SOC 321K • South Asian Amer Experience
5:00 PM-6:30 PM
By directing our analytical attention on South Asian American activism, this course illuminates on two aspects--issues that South Asian Americans find problematic in their everyday lives, and the processes through which they attempt to address these issues. Though the empirical focus is on South Asian Americans, this sociology class will delve into various themes in political sociology, sociology of gender, and race/ ethnicity. We will interrogate what we mean by nation, citizenship, imagined communities, the politics of history, social movements, and the neo-liberal turn in state-building. These issues matter not just to South Asians Americans, but are relevant to all persons, regardless of race, class, gender, or sexuality.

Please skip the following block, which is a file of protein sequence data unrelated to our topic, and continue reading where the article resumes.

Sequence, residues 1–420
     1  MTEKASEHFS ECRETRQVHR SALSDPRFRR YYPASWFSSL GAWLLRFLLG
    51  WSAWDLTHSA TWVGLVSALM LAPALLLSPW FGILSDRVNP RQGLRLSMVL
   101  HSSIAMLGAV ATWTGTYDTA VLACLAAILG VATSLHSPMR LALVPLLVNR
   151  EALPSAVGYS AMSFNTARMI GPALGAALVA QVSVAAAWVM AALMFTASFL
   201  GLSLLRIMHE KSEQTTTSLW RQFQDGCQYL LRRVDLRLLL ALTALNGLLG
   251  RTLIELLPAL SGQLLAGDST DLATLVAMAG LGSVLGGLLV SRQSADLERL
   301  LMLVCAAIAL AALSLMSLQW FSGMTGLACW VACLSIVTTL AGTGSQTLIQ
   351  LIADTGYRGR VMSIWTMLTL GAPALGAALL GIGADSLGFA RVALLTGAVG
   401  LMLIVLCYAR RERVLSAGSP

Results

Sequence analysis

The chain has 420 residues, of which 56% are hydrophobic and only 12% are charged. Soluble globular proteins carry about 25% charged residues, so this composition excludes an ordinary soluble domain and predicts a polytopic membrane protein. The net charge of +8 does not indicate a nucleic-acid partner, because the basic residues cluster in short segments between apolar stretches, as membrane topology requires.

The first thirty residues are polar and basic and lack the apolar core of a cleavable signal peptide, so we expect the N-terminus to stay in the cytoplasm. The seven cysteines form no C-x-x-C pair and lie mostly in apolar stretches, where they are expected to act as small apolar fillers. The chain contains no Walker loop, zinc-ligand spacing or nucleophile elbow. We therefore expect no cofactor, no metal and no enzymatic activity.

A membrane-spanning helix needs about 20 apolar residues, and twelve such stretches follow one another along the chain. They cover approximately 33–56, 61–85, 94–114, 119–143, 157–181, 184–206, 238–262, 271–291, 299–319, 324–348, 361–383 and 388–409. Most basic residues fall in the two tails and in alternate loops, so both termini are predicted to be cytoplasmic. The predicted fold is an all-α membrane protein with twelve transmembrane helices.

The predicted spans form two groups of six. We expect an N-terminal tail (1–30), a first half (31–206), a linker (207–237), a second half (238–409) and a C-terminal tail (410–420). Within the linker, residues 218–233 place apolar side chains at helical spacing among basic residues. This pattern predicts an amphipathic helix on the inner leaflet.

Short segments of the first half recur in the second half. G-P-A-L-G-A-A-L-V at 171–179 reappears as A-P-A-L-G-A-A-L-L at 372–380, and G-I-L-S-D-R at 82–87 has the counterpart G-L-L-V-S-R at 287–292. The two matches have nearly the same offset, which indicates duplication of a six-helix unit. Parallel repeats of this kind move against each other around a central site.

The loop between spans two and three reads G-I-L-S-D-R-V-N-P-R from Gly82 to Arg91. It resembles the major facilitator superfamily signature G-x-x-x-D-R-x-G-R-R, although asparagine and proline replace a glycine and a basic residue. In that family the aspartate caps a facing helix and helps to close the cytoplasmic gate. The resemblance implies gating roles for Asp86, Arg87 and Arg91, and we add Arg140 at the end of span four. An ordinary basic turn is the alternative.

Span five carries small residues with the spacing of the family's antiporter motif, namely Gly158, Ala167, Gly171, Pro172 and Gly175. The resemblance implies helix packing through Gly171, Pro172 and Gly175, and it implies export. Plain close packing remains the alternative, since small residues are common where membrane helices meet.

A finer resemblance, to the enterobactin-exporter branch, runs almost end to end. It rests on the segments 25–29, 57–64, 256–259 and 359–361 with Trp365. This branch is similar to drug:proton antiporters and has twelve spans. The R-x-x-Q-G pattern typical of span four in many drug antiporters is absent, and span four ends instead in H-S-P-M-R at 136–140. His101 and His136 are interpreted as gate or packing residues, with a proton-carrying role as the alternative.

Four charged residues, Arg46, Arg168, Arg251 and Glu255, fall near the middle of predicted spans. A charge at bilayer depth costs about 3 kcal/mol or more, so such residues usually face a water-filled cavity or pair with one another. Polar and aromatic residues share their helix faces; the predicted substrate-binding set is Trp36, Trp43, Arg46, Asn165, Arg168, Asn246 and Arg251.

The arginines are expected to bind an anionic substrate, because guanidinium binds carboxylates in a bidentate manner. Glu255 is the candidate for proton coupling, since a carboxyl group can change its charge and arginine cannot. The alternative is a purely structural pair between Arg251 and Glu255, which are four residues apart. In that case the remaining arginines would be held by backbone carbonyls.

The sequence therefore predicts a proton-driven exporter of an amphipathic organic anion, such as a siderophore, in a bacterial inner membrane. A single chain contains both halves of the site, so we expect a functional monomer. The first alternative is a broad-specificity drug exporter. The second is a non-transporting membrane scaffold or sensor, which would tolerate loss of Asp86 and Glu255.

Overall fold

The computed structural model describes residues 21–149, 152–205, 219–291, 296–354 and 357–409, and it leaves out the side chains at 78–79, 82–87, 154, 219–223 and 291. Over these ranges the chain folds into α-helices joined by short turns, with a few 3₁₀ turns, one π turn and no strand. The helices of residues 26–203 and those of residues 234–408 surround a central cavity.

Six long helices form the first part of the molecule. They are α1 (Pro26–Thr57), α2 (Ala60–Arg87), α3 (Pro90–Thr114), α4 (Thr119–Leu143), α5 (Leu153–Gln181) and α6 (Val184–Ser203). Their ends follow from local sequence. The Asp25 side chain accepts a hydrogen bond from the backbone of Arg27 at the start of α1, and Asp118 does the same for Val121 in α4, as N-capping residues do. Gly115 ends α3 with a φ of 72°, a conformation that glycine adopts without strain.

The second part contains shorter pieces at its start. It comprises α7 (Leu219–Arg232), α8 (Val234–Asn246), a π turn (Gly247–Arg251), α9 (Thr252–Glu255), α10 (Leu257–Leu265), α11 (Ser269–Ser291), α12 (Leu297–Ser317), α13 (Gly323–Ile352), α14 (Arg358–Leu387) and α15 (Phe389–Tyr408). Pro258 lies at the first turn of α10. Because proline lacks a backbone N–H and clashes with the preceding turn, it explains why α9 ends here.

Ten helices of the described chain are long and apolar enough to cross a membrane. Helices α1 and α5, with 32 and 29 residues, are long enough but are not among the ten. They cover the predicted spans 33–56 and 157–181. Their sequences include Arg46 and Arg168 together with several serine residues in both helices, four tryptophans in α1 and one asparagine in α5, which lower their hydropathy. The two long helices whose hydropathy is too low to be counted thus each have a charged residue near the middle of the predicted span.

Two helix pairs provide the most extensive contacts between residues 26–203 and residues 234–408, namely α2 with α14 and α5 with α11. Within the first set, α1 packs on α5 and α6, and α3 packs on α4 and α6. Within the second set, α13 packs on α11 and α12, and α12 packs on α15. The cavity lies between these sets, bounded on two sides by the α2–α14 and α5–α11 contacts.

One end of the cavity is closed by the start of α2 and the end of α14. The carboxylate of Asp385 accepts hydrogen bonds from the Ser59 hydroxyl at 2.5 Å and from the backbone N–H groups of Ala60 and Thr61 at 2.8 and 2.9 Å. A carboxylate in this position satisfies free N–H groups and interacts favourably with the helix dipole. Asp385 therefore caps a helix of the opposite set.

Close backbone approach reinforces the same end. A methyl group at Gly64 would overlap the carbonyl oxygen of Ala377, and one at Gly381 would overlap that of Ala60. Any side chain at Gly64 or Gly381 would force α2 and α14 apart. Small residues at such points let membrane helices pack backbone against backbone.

Over the course of the semester we will ask--how do South Asian Americans organize their politics in attempting to grapple with becoming people of color in the U.S.? What kinds of organizations do they form? How successful are South Asian American political organizations? What does this success mean? Are these groups political or merely "cultural"? How and when does culture become political? What kinds of coalitional politics do they engage in, and what barriers exist in formulating a coalitional stance? Transnational nationalism, activism around domestic violence, organizing around issues of sexuality, working class organizing and cross-racial coalitions, questions of culture and cultural appropriation--these are all issues that we will scrutinize critically through reading a combination of books, and articles, watching documentaries, and listening to music.
Mid term exam 25%
Three reaction papers (up to 4 pages) 30%
Final term paper 25%
Monisha Dasgupta, Unruly Immigrants: Rights, Activism, and Transnational South Asian Politics, Duke University Press, 2006
Sunaina Maira, Desis in the House: Indian American Youth Culture in New York City, Temple University Press, 2002
Sharmila Rudrappa, Ethnic Routes to Becoming American: Indian Immigrants and the Cultures of Citizenship, Rutgers University Press, 2004
A packet of readings will be available on Blackboard.